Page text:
Uber Eats partners with Ipsos to study the ‘Food Moods of India’ and empower F&B industry

The report reveals how urban India loves bahar ka khana - 48% of Indians prefer ordering in with convenience. It also reveals how delivery is big, equaling dine-out and takeaway put together

e4m by exchange4media Staff
Updated: Dec 7, 2019 10:49 AM
Uber Eats logo

Seeking answers to “Why India eats out of home food” rather than “What India eats out of home”, the food delivery network Uber Eats partners with Ipsos, a global market research firm to study ‘Food Moods of India’ highlighted in its first report. It hopes to empower restaurant partners and the F&B industry to understand the non-home cooked food landscape.

The report reveals how urban India loves bahar ka khana - 48% of Indians prefer ordering in, with convenience and breaking monotonous routines being the biggest driving factor. The report also puts a spotlight on how delivery is big, equaling dine-out and takeaway put together.

Partnering with Ipsos, a global market research firm, the global technology platform hopes to empower restaurant partners and the F&B industry to understand the non-home cooked food landscape. Driving valuable insights from the report such as triggers of choice, consumption moments, cuisine perceptions and forward-looking trends, the report aims to future proof the F&B ecosystem by strategising the findings into actionable measures.

Focusing on the interconnected and interdependent food ecosystem that has fundamentally changed how Indian consumers eat, the report points to lucrative opportunities for restaurant partners along with ensuring a seamless, smarter and more sophisticated food experience for consumers. 

Commenting on the launch of the report, Bansi Kotecha, Head of Operations, India and SA Uber Eats said, “We’re really excited about launching the food report ‘Food Moods of India’. With people eating non-home cooked food at least once a week, consumers are increasingly outsourcing their food decisions to technology-enabled life managers like us. With findings suggesting that consumers make choices based on the taste profile and different occasions, this report furthers our resolve to continue sharing data and insights to help partners innovate and promote efficiency in their operations, as well as provide customers more options to suit their food preferences.”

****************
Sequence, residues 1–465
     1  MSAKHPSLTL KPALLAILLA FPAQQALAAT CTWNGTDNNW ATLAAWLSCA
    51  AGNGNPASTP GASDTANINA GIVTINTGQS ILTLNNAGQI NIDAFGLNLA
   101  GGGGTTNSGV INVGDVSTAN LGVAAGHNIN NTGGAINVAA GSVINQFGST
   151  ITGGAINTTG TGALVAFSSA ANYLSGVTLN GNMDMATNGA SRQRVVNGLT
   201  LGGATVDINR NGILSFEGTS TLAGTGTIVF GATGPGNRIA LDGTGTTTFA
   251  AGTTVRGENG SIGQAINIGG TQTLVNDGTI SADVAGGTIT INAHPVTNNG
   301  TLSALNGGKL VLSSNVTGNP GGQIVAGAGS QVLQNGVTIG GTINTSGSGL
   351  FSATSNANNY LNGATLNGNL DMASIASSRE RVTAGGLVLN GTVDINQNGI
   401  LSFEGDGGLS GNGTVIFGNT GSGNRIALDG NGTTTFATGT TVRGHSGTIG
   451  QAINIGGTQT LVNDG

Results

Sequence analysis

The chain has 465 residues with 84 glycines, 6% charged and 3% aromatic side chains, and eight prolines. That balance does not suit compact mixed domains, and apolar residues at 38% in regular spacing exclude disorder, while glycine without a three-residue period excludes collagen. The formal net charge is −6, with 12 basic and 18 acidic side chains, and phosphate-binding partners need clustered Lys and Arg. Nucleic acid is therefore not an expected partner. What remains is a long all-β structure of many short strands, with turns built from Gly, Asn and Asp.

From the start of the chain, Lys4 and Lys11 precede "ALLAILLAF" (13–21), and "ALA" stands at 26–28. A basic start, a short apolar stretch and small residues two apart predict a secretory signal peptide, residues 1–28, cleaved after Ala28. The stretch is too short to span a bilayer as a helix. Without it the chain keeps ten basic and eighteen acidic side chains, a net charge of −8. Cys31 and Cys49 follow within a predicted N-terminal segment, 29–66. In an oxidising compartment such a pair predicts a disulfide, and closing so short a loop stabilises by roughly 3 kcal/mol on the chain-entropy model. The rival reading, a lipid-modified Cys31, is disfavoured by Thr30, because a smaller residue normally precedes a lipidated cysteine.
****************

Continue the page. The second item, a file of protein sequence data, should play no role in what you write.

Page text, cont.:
Sharing her learnings through the research, Sreyoshi Maitra, Executive Director, Ipsos said, “We are witnessing fast changes in lifestyle followed by changes in daily routines. Consumers are extremely time-pressed and this further triggers a growing need for easily accessible cooked food that is affordable. Thus consumers have quickly embraced home delivery or take out services to save the time and energy that would otherwise go into tossing up a home-cooked meal.”

India loves bahar-ka-khana. The top reasons why people order-in include convenience (28%), to break the monotony (28%), celebrate a special occasion (16%), catch up with friends/family/colleagues (10%). 

The majority (76%) of survey respondents ordering food, get it delivered to their home. Other locations include work/college (13%), friend’s home (5%). Out-of-home food is mostly consumed at home. Ordering in via Delivery – 48% is almost equivalent to Dine-out – 34% and Takeaway – 18% put together. Out of home food is more a function of convenience than a means of celebration. According to our data, 51% of the food ordered in are combo meals with 35% of the time consumers eating straight from the box.

Despite consuming out of home food often, restaurant experimentation is limited. 82% of consumers stick to a maximum of 5 restaurants in their repertoire. 43% of the respondents say ordering food is a more economical choice than hiring a cook which can be both expensive and tedious.

With the absence of adequate choices, only 7% of online orders are for breakfast. However amongst those who have breakfast at home, 53% order dinner. 

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